This past weekend had the opportunity to cover the What Is Documentary: Yesterday, Today and Tomorrow conference at the University of Oregon’s Portland campus organized by Gabriela Martinez and Janet Wasko of the School of Journalism and Communication. It was an extremely interesting two days and three evenings of presentations and, yes, film screenings that included Jim Blue’s The March (as in the 1963 March on Washington) and his A Few Notes on Our Food Problem; David MacDougall’s film, With Morning Hearts, about children attending for the first time the prestigious Doon School in Dehradun, India (one of five films about the children); the folklorist Sharon Sherman’s What Happened to Zolay? and Art Herbig’s in progress documentary, Public Memory & 9/11, a product of over 70 interviews conducted with volunteers, first responders, tourists and witnesses. It was the word, witness, that taught me the most about a movement that had escaped my notice completely until Saturday morning when Kelly Matheson, Senior Program Manager, WITNESS, was the plenary speaker.
Kelly is an attorney, filmmaker and human rights advocate who previously worked with WITNESS to launch the first Video Advocacy Institute. As an attorney, she worked as a Law Fellow in Tanzania researching citizens’ rights to bring suit against their governments when governments broke their own laws. She also practiced throughout the western United States, working on issues where environmental and human rights converge. She began creating films in 2003 as part of Montana State University’s MFA Documentary Filmmaking program. Her film projects focus on indigenous and environmental rights in Central America, the United States and the Congo Basin. Kelly returned to WITNESS after working as a Fulbright researcher in Congo-Brazzaville, where she collaborated with a video-centered outreach project to determine the effectiveness of video to change health and conservation practices.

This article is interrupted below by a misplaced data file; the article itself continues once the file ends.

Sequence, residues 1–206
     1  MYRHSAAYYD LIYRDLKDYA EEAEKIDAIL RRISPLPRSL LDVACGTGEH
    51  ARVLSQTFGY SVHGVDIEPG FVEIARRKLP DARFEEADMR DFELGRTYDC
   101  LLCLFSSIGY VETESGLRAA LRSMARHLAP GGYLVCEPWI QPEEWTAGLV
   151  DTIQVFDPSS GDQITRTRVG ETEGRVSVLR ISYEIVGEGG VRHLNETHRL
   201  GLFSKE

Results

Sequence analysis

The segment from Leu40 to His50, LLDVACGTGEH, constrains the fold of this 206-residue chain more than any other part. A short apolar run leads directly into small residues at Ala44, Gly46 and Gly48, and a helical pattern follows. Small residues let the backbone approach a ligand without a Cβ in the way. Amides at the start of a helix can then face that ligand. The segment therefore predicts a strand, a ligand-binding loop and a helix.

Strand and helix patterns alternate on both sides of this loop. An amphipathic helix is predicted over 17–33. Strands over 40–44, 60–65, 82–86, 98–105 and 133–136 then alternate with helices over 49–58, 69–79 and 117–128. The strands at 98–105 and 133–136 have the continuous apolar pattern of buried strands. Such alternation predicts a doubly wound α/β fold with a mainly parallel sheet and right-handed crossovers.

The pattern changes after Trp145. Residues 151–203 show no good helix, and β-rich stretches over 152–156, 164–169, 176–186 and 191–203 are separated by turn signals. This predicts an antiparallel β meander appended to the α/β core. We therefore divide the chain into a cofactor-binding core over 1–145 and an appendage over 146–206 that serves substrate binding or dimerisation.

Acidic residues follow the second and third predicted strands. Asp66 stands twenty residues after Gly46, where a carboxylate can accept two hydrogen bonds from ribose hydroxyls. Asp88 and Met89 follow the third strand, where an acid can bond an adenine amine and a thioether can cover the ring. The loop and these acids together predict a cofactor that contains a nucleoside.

In short, Kelly is someone who is holding people accountable for human rights violations based largely on evidence provided by videographers – professionals and citizens like you and me. There are rules of evidence and through the website, Witness.org, her team is developing processes and tools to insure the videos provided by witnesses hold up in court. She discussed the initiative Camera’s Everywhere a program to ensure that people turning to video for human rights use it as effectively, safely and ethically as possible and the Secure Smart Cam Project to protect the identity of citizen witnesses who are often unprepared for security and safety challenges that arise both for themselves and the people they film – including the confiscation of their devices, attack, imprisonment, revictimization, or worse. She talked about two mobile apps under development. They are:
(1) InformaCam, intended as the first mobile app seeking to address issues of authentication for digital media. Citizen-shot media sent to newsrooms, human rights organizations and courts of law is often missing vital information that would enable them to verify the story such as who shot it, surrounding context, and a reliable source of data that can answer, “Is this for real?”
(2) ObscuraCam a mobile app that allows users to blur or obfuscate faces in photos and videos. It can be used on media taken directly with the app itself, as well as imported media to your mobile phone.s
There is an excellent TEDxTeachers College talk featuring Kelly as she shares her story about theabeginning of Witness that I recommend you watch here. Through personal stories and videos she explains how climate change has an impact on the young lives of people all over the world and discusses our rights and that of our children to a sustainable living environment focusing on the process, atmospheric trust litigation (ATL).
I will write more about the people and content in my May blog posts including my interview with David MacDougall, ethnographic filmmaker and scholar of visual anthropology.
Ruth Ann Barrett, April 28, 2014, Portland, Oregon.